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On getting smart at Oxford

Skipping lectures for coffee and cheap beer. Leaving assignments until the night before. Making friends for life (but not really). Finally finding subjects to love… in the last year. Experimenting with <insert vice here>. Otherwise known as the pretty average, fairly normal, university life experienced by most.

Do you know what’s not a pretty average, fairly normal university life? That which is experienced at Oxford.
The Radcliffe Camera - because all good things come back to Harry Potter


Situated in England’s South East, the University of Oxford may only be a one-hour train ride from London but you might as well be on the Hogwarts Express, bound for a completely new world/time/place.

Sure, when you first arrive and walk into town from the railway station, things look pretty familiar. Chain restaurants, chain coffee shops, student flea markets. But give it a minute…

There you go!

And as you exhale and marvel at the impossibly grand building in front of you, one of thirty-eight colleges that make up the university, you just know you’re somewhere special, complex and extremely not normal. (Honestly, I do feel for those tourists visiting Oxford and ask repeatedly where the university is so they can take a photo. It’s just not that straightforward, I’m afraid.)

Besides, photos hardly do the place justice. How can a photo explain the wonder of sitting in a pub that dates from 1242? That’s 1.2.4.2. The Bear is the oldest pub in Oxford and it was a true honour to bow my head and enter the tiny doorway that lead into the even tinier rooms. The pub even has Australian wines on the menu! (I know, I know, but when that happens over here it’s really exiting – save for Yellow Tail obvs.)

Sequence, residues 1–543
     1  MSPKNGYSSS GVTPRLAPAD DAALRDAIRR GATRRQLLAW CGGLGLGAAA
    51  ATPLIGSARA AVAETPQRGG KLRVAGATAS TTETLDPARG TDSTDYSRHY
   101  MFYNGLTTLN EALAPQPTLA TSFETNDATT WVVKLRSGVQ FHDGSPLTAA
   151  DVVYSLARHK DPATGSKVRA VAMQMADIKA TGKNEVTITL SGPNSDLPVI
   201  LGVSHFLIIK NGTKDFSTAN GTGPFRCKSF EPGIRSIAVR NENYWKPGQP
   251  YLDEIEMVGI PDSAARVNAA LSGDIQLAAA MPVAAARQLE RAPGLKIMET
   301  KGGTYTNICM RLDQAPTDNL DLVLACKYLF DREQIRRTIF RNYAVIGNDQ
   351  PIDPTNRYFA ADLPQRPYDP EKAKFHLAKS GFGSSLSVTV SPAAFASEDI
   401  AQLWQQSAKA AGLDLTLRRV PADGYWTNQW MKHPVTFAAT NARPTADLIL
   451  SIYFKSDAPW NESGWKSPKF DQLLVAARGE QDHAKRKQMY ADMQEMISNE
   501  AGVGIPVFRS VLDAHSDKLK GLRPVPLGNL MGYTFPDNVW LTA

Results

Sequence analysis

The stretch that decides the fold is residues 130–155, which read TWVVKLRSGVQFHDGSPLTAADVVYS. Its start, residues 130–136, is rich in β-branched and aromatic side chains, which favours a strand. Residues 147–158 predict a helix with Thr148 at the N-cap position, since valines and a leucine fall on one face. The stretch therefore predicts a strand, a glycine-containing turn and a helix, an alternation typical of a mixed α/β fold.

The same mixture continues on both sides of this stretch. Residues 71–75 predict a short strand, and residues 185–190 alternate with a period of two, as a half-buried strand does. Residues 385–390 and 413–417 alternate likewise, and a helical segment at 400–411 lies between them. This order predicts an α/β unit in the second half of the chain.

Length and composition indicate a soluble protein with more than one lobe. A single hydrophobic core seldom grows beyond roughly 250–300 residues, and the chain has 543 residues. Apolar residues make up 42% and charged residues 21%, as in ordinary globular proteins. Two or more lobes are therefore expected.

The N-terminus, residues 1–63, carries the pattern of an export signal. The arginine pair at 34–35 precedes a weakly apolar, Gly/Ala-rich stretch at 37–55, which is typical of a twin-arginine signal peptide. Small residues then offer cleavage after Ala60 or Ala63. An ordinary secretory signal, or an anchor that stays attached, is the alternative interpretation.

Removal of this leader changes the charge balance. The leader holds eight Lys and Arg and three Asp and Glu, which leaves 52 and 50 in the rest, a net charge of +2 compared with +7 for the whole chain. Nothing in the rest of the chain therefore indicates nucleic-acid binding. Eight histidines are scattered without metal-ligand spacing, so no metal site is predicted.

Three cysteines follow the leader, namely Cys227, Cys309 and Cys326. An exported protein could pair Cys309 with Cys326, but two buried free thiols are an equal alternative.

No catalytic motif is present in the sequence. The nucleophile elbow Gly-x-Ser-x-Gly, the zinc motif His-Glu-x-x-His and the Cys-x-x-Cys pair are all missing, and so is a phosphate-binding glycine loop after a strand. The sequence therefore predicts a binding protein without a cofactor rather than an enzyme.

When I was at university, lunch usually consisted of cheap sushi shoved in my mouth while walking between lectures. Oxford? Not so much. The dining rooms are exquisite. Although I must admit I’d feel the weight of history every day while having King Henry VIII staring down at me as I partook of whatever delicious hot meal was being served that day. (Even a soggy pie would taste pretty special in a dining room steeped in history… and used in the Harry Potter films.)
I mean, could you relax at mealtimes with that lot looking down at you?

Oh, and what of the Eagle and Child (est. 1650)? Just a local watering hole where writers such as J.R.R. Tolkien and C.S. Lewis used to meet (aka ‘The Inklings’). I swear I could feel writing inspiration flowing through my veins as I drank my wine beneath the pub’s timber beams. Although, I could also have been a little tipsy by that stage. (Hey, there are a LOT of historic pubs to visit in Oxford!)

But back to the university itself, supposedly the oldest in the English-speaking world (thanks Wikipedia!). As we ambled around the colleges, awestruck by the buildings and trying to figure out if that courtyard or this college were also used in Harry Potter, actual students whizzed by on their bikes, hustling from one lecture to another. Students who were studying in the very same lecture theatres as the actual Lawrence of Arabia (T.E. Lawrence), Oscar Wilde, Aung San Suu Kyi, Kate Beckinsale and…five prime minsters of Australia(?!) just to name a tiny few of Oxford’s rather long roll call. It was a stark reminder that Oxford is a fully functioning university. I know this is an obvious statement and some of you may question the heading of this post after reading it, but usually a place steeped in so much history is usually a tourist/visitor location. Not so here, my friends. Oxford is for smarts first, tourists second.

When I attended the University of Melbourne (founded in 1853 – basically last year), I was constantly distracted by Italian coffee, if I could get away with not doing my reading for any particular tute, which club would be the location for Thursday night’s revelry, could I take up smoking and not have to buy my own packets – you know, the usual. At Oxford, my distraction probably would have been more along the lines of saying to my fellow students ‘wait…Lewis Carroll met his muse for Alice here?!?’ And I’m not going to lie, I would be probably be that person who stared at the portrait of Queen Elizabeth I at every.single.meal.

I can, of course, only dream of attending Oxford and how intimidating and gruelling it would be. But visiting was the next best thing. I left feeling smart, inspired (ie probably drunk), and excited to know there’s still a bit of magic, a bit of the extraordinary, left in the world.


(P.S. Special shout-out to my Oxford travel companions, my sister and her bf, who left the UK to head back to Oz yesterday.)

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